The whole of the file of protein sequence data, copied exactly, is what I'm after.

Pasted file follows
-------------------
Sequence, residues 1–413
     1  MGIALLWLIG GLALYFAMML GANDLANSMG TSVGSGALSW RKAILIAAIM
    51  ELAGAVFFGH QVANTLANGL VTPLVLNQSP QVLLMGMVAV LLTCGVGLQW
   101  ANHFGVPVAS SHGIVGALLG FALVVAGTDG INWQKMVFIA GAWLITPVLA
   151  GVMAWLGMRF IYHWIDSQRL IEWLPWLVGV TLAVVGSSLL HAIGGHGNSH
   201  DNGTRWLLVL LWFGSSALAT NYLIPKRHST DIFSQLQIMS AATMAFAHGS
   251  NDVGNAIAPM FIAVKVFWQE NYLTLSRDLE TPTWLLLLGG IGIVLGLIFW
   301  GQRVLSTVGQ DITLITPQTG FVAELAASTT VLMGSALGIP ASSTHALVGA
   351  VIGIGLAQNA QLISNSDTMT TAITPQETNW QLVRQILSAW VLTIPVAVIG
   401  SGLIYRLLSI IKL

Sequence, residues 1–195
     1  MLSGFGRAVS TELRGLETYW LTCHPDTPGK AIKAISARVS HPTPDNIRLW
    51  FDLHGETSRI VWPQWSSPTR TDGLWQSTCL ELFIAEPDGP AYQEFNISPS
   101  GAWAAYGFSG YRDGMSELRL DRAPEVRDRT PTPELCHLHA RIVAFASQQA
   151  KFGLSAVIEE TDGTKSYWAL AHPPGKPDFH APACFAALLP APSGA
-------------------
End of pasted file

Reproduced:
Sequence, residues 1–413
     1  MGIALLWLIG GLALYFAMML GANDLANSMG TSVGSGALSW RKAILIAAIM
    51  ELAGAVFFGH QVANTLANGL VTPLVLNQSP QVLLMGMVAV LLTCGVGLQW
   101  ANHFGVPVAS SHGIVGALLG FALVVAGTDG INWQKMVFIA GAWLITPVLA
   151  GVMAWLGMRF IYHWIDSQRL IEWLPWLVGV TLAVVGSSLL HAIGGHGNSH
   201  DNGTRWLLVL LWFGSSALAT NYLIPKRHST DIFSQLQIMS AATMAFAHGS
   251  NDVGNAIAPM FIAVKVFWQE NYLTLSRDLE TPTWLLLLGG IGIVLGLIFW
   301  GQRVLSTVGQ DITLITPQTG FVAELAASTT VLMGSALGIP ASSTHALVGA
   351  VIGIGLAQNA QLISNSDTMT TAITPQETNW QLVRQILSAW VLTIPVAVIG
   401  SGLIYRLLSI IKL

Sequence, residues 1–195
     1  MLSGFGRAVS TELRGLETYW LTCHPDTPGK AIKAISARVS HPTPDNIRLW
    51  FDLHGETSRI VWPQWSSPTR TDGLWQSTCL ELFIAEPDGP AYQEFNISPS
   101  GAWAAYGFSG YRDGMSELRL DRAPEVRDRT PTPELCHLHA RIVAFASQQA
   151  KFGLSAVIEE TDGTKSYWAL AHPPGKPDFH APACFAALLP APSGA